National Marine Fisheries Service (NMFS), National Oceanic and Atmospheric Administration (NOAA), Commerce.
Adjustment; request for comments.
NMFS announces that the recreational fishery for all salmon in the area from the U.S.-Canada Border to Cape Falcon, OR, was modified to establish a chinook salmon minimum size limit of 28 inches (71.1 cm) total length for the area from the U.S.-Canada Border to Leadbetter Point, WA, and 26 inches (66.0 cm) total length for the area from Leadbetter Point to Cape Falcon, starting on Sunday, July 21. The Northwest Regional Administrator, NMFS (Regional Administrator), determined that available catch and effort data indicated that these management measures should be implemented to provide greater access to the chinook and coho quotas. This action was necessary to conform to the 2002 management goals.
Adjustment in the area from the U.S.-Canada Border to Cape Falcon, OR, effective 0001 hours local time (l.t.), July 21, 2002, through 2359 hours l.t., September 30, 2002, or until the effective date of the year 2003 management measures. Comments will be accepted through August 29, 2002.
Comments on this action must be mailed to D. Robert Lohn, Regional Administrator, Northwest Region, NMFS, NOAA, 7600 Sand Point Way N.E., Bldg. 1, Seattle, WA 98115-0070; or faxed to 206-526-6376; or Rod McInnis, Acting Regional Administrator, Southwest Region, NMFS, NOAA, 501 W. Ocean Blvd., Suite 4200, Long Beach, CA 90802-4132; or faxed to 562-980-4018. Comments will not be accepted if submitted via e-mail or the Internet. Information relevant to this document is available for public review during business hours at the Office of the Regional Administrator, Northwest Region, NMFS.Start Further Info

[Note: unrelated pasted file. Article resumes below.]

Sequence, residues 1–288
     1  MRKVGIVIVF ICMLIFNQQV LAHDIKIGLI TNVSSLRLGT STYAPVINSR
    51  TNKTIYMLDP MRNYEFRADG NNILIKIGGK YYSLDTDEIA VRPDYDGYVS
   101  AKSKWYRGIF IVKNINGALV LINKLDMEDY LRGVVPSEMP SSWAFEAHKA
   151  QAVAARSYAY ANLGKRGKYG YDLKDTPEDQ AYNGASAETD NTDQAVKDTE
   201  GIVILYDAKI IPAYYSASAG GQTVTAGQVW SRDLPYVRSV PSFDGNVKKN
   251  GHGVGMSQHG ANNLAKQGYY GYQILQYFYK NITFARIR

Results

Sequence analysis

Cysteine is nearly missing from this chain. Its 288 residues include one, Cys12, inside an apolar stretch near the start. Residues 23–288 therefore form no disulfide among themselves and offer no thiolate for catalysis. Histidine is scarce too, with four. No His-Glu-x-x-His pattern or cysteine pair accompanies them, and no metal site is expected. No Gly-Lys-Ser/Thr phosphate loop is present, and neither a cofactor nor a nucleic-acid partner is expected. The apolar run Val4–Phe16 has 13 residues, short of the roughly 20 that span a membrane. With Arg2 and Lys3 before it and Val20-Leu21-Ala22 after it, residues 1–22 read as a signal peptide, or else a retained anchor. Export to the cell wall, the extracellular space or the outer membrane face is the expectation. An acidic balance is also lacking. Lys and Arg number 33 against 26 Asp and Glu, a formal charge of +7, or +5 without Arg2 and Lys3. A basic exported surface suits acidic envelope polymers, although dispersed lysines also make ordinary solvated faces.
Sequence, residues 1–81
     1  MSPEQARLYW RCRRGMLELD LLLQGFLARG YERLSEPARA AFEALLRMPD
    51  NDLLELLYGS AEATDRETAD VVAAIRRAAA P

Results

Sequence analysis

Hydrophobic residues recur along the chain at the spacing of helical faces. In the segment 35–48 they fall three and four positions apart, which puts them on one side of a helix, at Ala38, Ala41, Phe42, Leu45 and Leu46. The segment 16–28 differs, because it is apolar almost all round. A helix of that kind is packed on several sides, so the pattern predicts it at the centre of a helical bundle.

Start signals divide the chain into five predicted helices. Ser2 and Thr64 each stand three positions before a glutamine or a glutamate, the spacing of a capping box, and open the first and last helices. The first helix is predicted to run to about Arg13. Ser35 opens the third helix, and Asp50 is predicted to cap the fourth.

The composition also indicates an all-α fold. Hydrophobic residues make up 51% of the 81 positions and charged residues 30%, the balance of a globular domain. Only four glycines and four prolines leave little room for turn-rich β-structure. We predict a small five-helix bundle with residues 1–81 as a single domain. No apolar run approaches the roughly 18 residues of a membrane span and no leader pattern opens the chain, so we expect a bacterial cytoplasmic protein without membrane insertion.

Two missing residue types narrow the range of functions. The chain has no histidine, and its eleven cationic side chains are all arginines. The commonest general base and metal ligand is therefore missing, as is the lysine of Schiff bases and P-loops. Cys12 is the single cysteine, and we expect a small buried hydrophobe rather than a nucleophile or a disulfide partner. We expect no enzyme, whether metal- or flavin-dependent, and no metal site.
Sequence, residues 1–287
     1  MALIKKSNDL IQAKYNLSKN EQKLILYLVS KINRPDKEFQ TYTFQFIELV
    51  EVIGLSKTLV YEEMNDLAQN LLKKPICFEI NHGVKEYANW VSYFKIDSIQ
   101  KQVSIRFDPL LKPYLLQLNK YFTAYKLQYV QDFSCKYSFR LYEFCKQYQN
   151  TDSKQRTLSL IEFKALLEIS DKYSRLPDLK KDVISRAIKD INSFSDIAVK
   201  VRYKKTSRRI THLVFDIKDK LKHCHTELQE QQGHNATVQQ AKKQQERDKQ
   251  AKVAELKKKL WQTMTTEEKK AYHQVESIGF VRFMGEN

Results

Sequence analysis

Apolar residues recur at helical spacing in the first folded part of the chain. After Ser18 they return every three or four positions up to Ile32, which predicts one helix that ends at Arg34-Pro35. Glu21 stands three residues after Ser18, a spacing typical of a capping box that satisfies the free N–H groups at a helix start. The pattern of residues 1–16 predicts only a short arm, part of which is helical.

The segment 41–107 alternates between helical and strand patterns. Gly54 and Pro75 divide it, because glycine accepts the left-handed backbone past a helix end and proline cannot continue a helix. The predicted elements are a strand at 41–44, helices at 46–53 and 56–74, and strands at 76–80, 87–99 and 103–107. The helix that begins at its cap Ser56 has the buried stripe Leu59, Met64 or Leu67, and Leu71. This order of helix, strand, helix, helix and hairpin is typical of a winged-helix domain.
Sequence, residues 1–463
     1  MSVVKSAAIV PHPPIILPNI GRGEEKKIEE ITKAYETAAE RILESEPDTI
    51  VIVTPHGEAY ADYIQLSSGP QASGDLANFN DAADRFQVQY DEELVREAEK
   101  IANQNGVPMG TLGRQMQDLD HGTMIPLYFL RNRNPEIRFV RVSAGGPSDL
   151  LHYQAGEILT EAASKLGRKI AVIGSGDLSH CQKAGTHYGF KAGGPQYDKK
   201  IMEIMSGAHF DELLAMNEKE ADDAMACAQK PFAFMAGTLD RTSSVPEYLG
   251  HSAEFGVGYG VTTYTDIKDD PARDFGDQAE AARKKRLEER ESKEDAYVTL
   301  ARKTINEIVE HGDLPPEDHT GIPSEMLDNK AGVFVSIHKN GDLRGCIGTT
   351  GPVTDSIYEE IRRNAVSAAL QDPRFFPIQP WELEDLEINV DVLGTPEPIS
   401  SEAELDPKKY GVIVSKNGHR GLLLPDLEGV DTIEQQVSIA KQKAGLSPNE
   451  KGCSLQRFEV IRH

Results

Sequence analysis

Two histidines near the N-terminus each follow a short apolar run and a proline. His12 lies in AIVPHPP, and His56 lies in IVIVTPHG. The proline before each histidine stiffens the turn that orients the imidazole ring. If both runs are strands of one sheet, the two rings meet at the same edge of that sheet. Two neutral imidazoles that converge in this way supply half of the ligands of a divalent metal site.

FOR FURTHER INFORMATION CONTACT:
Christopher Wright, 206-526-6140.End Further Info End Preamble Start Supplemental Information
The Regional Administrator modified the season for the recreational fishery in the area from the U.S.-Canada Border to Cape Falcon, OR, to establish a chinook minimum size limit of 28 inches (71.1 cm) total length from the U.S.-Canada Border to Leadbetter Point, WA, and 26 inches (66.0 cm) total length from Leadbetter Point to Cape Falcon, starting on Sunday, July 21, 2002. Information provided on July 18 regarding the available catch and effort data indicated that these management measures should be implemented to provide recreational fishers extended access to the chinook and coho quotas. Modification of fishing seasons is authorized by regulations at 50 CFR 660.409(b)(1)(i).
In the 2002 annual management measures for ocean salmon fisheries (67 FR 30616, May 7, 2002), NMFS announced a minimum size limit of 24 inches (61.0 cm) total length for chinook for the recreational fishery in the area from the U.S.-Canada Border to Cape Falcon, OR and its four sub-areas, Neah Bay, La Push, Westport, and Columbia River.